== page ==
From Wikipedia, the free encyclopedia - View original article
Crystal Gail Mangum (born July 18, 1978) is a woman best known for making false allegations of rape against white lacrosse players in the Duke lacrosse case. In November 2013, she was found guilty of second-degree murder related to a fatal attack on her boyfriend.
Mangum was born and grew up in Durham, North Carolina, to a father who drove trucks. In 1993, at age 14, she claimed to have been kidnapped by three assailants, driven to Creedmoor, North Carolina, and raped. One of those she accused was her boyfriend, who was 21 at the time. She filed a police report making these allegations in late 1996. She subsequently backed away from the charges, a move relatives claimed was motivated by fear for her life. Mangum's father says he does not believe any such incident occurred involving force, though her mother believes a similar incident could have occurred—but three years later rather than in 1993.
By 2002 Mangum had returned to Durham and was working as an exotic dancer. In 2003, she was arrested on ten charges after stealing the taxicab of a customer to whom she had given a lap dance. This prompted a police pursuit at moderate speeds of up to 70 miles per hour, though occasionally in the wrong lane. After being stopped, she attempted to run over a police officer, succeeding only in hitting his patrol vehicle. She was found to have a BAC of just over twice the legal limit. Ultimately, she pleaded guilty on four counts, serving three weekends in jail, paying $4,200 in restitution and fees, and being given two years probation.
In March 2006, after arriving, intoxicated, with a fellow exotic dancer to a house rented by three of the Duke University men's lacrosse team captains, she became involved in an argument with the occupants of the house, and left. After becoming involved in an altercation with her fellow stripper that necessitated police assistance, she made a false allegation of rape. District Attorney Mike Nifong, up for reelection, pursued the case despite questions about the credibility of Mangum, and exculpatory evidence that failed to demonstrate that Mangum had been raped by the Duke lacrosse players. It took nearly a year for the attorney-general's office to dismiss the charges and declare that the players were innocent of the charges laid against them by Nifong.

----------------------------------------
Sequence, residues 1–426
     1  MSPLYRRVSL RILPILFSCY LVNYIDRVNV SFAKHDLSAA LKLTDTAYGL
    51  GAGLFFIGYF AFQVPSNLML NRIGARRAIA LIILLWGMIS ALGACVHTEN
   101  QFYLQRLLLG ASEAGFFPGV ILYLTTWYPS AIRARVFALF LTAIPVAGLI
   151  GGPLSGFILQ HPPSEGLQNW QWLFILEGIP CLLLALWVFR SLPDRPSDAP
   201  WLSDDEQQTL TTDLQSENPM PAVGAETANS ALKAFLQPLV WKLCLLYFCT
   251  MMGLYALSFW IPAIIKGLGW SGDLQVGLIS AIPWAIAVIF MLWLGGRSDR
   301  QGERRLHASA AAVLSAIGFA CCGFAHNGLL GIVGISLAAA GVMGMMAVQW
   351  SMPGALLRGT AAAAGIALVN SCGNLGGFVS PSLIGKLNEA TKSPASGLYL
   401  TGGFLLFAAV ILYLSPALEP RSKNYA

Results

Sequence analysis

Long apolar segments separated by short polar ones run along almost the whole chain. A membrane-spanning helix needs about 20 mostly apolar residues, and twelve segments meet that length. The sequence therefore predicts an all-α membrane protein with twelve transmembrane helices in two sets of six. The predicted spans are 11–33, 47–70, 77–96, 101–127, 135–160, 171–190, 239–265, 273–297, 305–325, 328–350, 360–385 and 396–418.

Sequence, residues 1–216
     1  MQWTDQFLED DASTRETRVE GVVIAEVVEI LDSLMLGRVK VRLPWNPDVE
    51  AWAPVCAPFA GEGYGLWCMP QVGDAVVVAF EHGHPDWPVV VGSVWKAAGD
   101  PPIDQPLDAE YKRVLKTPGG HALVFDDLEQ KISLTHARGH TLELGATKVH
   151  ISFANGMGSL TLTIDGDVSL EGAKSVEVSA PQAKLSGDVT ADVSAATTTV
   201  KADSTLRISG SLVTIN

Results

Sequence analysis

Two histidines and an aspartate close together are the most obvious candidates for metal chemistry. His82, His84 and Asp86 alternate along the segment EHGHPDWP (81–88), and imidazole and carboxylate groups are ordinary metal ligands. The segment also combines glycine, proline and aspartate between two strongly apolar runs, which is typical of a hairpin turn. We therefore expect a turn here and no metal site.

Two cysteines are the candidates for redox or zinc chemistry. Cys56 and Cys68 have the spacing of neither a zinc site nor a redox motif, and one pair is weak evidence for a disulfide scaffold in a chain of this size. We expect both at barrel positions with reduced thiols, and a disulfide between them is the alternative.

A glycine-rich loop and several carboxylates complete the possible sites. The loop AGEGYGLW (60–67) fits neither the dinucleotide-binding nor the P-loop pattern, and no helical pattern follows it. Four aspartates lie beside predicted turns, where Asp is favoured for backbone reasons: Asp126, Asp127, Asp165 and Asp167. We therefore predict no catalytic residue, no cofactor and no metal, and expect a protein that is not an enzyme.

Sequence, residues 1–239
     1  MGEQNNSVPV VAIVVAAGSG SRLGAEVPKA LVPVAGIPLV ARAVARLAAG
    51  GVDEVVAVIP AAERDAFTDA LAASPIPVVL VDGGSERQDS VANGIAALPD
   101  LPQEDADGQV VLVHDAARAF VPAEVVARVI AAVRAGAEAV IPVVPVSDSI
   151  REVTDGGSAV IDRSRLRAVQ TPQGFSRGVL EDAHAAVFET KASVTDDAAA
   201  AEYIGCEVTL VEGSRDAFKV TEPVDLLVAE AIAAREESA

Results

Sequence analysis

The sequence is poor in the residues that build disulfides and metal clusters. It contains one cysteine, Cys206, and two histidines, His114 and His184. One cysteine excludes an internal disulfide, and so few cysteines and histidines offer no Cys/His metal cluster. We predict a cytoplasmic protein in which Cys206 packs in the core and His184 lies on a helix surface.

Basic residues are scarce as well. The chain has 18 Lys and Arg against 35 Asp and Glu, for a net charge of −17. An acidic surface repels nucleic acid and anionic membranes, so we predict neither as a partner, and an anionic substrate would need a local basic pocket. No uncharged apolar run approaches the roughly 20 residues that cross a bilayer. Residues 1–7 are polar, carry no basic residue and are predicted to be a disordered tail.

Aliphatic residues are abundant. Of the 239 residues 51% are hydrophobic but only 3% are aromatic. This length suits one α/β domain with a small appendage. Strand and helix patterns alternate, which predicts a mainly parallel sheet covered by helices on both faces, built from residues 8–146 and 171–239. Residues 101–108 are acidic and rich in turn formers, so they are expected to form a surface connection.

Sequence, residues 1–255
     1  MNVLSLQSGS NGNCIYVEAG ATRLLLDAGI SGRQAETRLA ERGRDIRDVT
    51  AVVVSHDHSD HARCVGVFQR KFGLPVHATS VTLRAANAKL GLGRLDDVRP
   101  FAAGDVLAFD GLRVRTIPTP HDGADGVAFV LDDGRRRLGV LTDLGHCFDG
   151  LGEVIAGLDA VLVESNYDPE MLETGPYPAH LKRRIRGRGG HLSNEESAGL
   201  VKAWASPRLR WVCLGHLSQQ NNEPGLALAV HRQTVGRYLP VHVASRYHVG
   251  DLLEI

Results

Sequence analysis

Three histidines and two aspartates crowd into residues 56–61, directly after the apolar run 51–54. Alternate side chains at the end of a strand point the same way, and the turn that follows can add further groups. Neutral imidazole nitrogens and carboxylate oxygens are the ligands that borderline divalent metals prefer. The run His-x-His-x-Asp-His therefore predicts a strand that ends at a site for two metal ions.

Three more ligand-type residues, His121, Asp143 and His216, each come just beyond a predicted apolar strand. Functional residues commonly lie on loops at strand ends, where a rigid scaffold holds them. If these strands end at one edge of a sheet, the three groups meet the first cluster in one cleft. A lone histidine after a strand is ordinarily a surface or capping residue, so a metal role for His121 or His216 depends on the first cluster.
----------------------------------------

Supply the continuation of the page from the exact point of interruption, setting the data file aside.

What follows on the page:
Just before midnight on February 17, 2010, Durham police were called to Mangum's residence by her nine-year-old daughter. When they arrived, they said they found Mangum and her live-in boyfriend fighting. They said she set fire to some of his clothing in a bathtub in their presence. The building suffered heavy smoke damage. They arrested Mangum on charges of attempted murder, first-degree arson, assault and battery, identity theft, communicating threats, damage to property, resisting an officer, and misdemeanor child abuse.
Mangum was ordered to remain in jail on $1 million bond. Her bond was lowered to $100,000 in May, and she was released from jail to live in a friend's house. She was required to wear an electronic monitoring device. On July 12, 2010, she was released from house arrest and required to move in with her mother. She was allowed to visit her three children but only under supervision of social services. Mangum was arrested again on August 25, 2010, and held on $150,000 bond for failure to comply with the restrictions on her child visitation order.
On December 17, 2010, Mangum was convicted of contributing to the delinquency of a juvenile, injury to personal property and resisting a public officer. The jury deadlocked 9-3 for not guilty on the felony arson charge but was unable to reach a decision on it. After the verdict, Judge Abe Jones sentenced Mangum to 88 days in jail, which she had already served, and left the custody decision in the hands of social services. Durham Assistant District Attorney Mark McCullough announced on January 21, 2011, that he would not retry Mangum on arson charges.
Mangum was arrested on April 2, 2011, following accusations that she stabbed and seriously injured her boyfriend, Reginald Daye. She was charged with assault with a deadly weapon with intent to kill inflicting serious bodily injury, a class C felony in North Carolina. Daye later died in the hospital, and Mangum was indicted on a murder charge. As of April 19, Mangum was being held in jail under a $300,000 secured bail bond, which was set prior to her boyfriend's death. In November, Mangum was deemed competent to stand trial for murder. On May 1, 2012, Mangum's attorney withdrew citing the release by Mangum of confidential information regarding her case to her supporters. On February 20, 2013, Mangum was released on bail until trial. On November 22, 2013, Mangum was found guilty of second-degree murder by a jury of seven men and five women. Judge Paul Ridgeway sentenced her to serve a minimum of 14 years, 2 months and a maximum of 18 years in prison.